Non-Abelian reciprocal braiding of Weyl points and its manifestation in ZrTe


Weyl semimetals in three-dimensional crystals provide the paradigm example of topologically protected band nodes. It is usually taken for granted that a pair of colliding Weyl points annihilate whenever they carry opposite chiral charge. In stark contrast, here we report that Weyl points in systems that are symmetric under the composition of time reversal with a π rotation are characterized by a non-Abelian topological invariant. The topological charges of the Weyl points are transformed via braid phase factors, which arise upon exchange inside symmetric planes of the reciprocal momentum space. We elucidate this process with an elementary two-dimensional tight-binding model that is implementable in cold-atom set-ups and in photonic systems. In three dimensions, interplay of the non-Abelian topology with point-group symmetry is shown to enable topological phase transitions in which pairs of Weyl points may scatter or convert into nodal-line rings. By combining our theoretical arguments with first-principles calculations, we predict that Weyl points occurring near the Fermi level of zirconium telluride carry non-trivial values of the non-Abelian charge, and that uniaxial compression strain drives a non-trivial conversion of the Weyl points into nodal lines.

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Fig. 1: Reciprocal braiding of band nodes.
Fig. 2: Elementary protocol for braiding band nodes.
Fig. 3: Frame-rotation charge.
Fig. 4: Berry curvature versus Euler form.
Fig. 5: Conversion of Weyl points in 3D momentum space.
Fig. 6: Weyl points and nodal lines in ZrTe.

Data availability

All other data that support the plots within this paper and other findings of this study are available from the corresponding authors upon reasonable request. Input files used to generate the first-principles data are provided in the Materials Cloud Archive71.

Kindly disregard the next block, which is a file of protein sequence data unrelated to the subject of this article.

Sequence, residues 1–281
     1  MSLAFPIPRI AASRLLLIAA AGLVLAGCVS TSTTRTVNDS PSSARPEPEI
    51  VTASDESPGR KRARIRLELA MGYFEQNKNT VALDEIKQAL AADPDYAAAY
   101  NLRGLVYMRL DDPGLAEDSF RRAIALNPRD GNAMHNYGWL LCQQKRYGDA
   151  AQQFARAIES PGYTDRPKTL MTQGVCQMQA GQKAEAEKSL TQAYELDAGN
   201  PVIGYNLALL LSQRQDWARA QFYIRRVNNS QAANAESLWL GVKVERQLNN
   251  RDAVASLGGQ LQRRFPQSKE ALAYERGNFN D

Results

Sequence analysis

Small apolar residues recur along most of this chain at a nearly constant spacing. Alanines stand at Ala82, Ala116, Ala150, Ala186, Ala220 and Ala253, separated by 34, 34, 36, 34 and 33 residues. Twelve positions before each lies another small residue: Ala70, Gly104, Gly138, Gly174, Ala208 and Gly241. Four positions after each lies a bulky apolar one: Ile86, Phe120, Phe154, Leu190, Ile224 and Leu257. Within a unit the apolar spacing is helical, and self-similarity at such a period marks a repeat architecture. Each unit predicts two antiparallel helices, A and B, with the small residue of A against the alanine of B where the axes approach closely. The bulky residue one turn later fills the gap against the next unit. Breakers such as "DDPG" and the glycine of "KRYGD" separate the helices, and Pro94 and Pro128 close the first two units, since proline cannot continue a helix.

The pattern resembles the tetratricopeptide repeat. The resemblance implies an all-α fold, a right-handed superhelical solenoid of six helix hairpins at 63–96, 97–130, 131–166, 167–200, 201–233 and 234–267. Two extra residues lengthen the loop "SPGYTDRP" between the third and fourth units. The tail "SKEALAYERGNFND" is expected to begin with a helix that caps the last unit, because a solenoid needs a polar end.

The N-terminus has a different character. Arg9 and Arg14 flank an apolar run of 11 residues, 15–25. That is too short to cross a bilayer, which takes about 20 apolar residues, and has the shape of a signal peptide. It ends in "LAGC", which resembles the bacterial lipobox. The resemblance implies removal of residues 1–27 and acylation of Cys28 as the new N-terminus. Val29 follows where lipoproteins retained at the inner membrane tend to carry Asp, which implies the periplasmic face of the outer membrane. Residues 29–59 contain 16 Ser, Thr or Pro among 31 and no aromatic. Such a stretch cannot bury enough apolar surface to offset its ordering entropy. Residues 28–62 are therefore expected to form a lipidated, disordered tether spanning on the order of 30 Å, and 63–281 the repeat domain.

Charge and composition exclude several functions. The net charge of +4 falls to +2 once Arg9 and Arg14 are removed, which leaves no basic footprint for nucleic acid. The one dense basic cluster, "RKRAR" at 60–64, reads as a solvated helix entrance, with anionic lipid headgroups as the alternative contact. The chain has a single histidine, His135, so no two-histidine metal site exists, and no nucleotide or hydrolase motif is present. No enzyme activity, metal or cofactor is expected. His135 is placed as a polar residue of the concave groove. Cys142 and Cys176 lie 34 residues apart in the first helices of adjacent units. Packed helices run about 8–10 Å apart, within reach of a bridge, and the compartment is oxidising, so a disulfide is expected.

Code availability

The Mathematica notebook for computing the Euler class of a collection of band nodes by implementing the method presented in Supplementary Section H is available online65.


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We acknowledge valuable discussions with C.C. Wojcik, A. Vishwanath and B.A. Bernevig. R.-J.S. acknowledges funding via A. Vishwanath from the Center for Advancement of Topological Semimetals, an Energy Frontier Research Center funded by the US Department of Energy Office of Science, Office of Basic Energy Sciences, through the Ames Laboratory under contract no. DE-AC02-07CH11358, the Marie Skłodowska-Curie programme under EC grant no. 842901, and Trinity College as well as the Winton programme at the University of Cambridge. T.B. was supported by the Gordon and Berry Moore Foundation’s EPiQS Initiative, grant no. GBMF4302, and by the Ambizione Program of the Swiss National Science Foundation, grant no. 185806. Q.-S.W. and O.V.Y. acknowledge support from NCCR Marvel. H.M.W. acknowledges support from the Ministry of Science and Technology of China under grants 2018YFA0305700 and 2016YFA0300600, the Strategic Priority Research Program of Chinese Academy of Sciences (grant no. XDB33000000) and the K. C. Wong Education Foundation (GJTD-2018-01). First-principles calculations have been performed at the Swiss National Supercomputing Centre (CSCS) under project no. s832 and s1008 and the facilities of Scientific IT and Application Support Center of EPFL.

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A.B., R.-J.S. and T.B. contributed equally to the theoretical analysis in this work and wrote the manuscript. Q.-S.W. discovered the nodal conversion in ZrTe and obtained the presented first-principles data. H.M.W. and O.V.Y. were involved in the discussion and analysis of the first-principles data. All authors discussed and commented on the manuscript.